We classify what life deals to us as “good” or “bad” depending on its alignment with our wishes. Instead, we should treat everything that comes our way as his gift. He is the fountainhead of mercy and knows what to give us, how to give it, and when to give it. He will always do it in a way that is beneficial for us, whether or not we realize it at the time. For it stands to reason that our perspective is a narrow one; we are not aware of the larger canvas on which events play out. He does not send things our way on a whim – we get what we deserve, and reap the consequences of the actions we have sown in the past. For our part, we have to act to the best of our ability and leave the results to the Lord – that is the meaning of “living in his will.” If we reflect on these concepts, we begin to realize the depth of Hazur’s teachings when he tells us in Spiritual Discourses, Vol. I:
If we can take what comes to us as from him, then whatever it is, it becomes divine in itself; shame becomes honour, bitterness becomes sweet and darkness light. Everything takes its flavour from God and becomes divine. Everything that happens betrays the invisible hand of God. When a man’s mind works in this way, all things begin to taste divine.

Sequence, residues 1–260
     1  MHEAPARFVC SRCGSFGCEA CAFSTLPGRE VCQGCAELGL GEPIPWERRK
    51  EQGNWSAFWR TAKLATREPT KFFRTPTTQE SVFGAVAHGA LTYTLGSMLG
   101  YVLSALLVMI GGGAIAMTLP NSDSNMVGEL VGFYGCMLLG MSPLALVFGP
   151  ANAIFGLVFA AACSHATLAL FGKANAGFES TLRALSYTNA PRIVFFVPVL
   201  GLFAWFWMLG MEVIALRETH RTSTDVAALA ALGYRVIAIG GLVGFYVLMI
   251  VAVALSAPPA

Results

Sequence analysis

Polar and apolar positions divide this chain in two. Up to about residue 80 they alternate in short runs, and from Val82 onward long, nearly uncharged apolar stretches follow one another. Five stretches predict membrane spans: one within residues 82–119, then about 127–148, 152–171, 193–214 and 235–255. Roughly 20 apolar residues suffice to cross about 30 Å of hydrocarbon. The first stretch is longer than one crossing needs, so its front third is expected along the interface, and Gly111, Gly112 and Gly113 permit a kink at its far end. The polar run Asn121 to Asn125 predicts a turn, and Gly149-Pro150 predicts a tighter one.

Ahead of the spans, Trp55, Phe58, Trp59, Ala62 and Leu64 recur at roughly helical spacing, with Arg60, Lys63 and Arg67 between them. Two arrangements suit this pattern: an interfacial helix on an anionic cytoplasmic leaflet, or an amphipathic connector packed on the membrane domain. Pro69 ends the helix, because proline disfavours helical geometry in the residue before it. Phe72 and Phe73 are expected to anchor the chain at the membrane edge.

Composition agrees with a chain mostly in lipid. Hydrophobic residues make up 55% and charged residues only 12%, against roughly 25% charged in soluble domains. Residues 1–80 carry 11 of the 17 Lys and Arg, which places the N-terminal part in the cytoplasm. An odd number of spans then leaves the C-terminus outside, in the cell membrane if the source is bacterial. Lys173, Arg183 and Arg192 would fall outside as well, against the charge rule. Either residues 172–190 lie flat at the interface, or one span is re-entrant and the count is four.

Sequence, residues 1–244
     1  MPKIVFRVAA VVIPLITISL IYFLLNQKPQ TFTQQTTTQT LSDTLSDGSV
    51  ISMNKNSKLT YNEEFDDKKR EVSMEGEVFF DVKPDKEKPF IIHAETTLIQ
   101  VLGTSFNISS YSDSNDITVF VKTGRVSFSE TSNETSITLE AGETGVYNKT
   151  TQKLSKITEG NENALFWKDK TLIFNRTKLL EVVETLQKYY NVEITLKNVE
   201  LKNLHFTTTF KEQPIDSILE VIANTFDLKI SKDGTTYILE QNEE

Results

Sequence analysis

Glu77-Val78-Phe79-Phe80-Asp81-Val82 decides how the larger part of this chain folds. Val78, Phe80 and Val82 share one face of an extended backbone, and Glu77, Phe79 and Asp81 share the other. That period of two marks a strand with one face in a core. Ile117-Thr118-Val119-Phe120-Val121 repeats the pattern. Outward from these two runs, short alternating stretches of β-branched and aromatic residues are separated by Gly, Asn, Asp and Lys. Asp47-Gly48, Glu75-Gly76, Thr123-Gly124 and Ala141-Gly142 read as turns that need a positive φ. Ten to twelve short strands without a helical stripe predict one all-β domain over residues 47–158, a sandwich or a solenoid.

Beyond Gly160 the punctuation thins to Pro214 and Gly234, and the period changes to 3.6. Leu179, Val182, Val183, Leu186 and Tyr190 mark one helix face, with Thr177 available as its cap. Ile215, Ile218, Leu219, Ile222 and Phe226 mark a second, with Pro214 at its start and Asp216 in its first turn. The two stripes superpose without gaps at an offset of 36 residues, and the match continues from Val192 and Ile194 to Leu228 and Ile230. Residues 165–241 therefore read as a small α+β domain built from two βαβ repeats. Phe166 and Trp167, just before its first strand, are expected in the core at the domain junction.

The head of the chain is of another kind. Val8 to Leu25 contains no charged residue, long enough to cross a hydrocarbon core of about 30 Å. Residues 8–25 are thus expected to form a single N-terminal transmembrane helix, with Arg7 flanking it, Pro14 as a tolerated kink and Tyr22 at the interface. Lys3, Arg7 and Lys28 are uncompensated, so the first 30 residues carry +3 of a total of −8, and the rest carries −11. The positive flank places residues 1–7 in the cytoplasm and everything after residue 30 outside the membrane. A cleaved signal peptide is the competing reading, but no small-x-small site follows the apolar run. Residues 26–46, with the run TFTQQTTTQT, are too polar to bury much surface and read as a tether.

Children often grasp instinctively what adults find difficult to comprehend. A story is told of a little girl who was walking home from school when she found herself in a storm with flashes of lightning and roaring thunder. Her mother, afraid for her daughter, hurried to bring her home. She saw her daughter happily walking along and at each flash of lightning the girl would stop, look up and smile. When she asked her daughter what she was doing, the child answered, “Smiling. God just keeps taking pictures of me.”
We too can cheerfully accept what comes our way – indeed delight in it. By doing this we become the “right type of disciple” and live in the will of the Lord – and then all things begin to taste divine.
Eons after eons have passed since I saw you,
my beloved lord.
Blessed is that land where you reside,
my beloved friend, my lord.
I will sacrifice myself, my entire being to you,
my Master, my friend, my lord.
A moment without you, and the age of darkness
descends on me;
When will I meet you, my beloved lord, again?
My nights of agony are endless,
sleep has forsaken me,
without a glimpse of my Master’s court.
I will sacrifice myself, my entire being,
to reach the true court of my Master.
Guru Arjun Dev, as quoted in, Kabir, The Weaver of God’s Name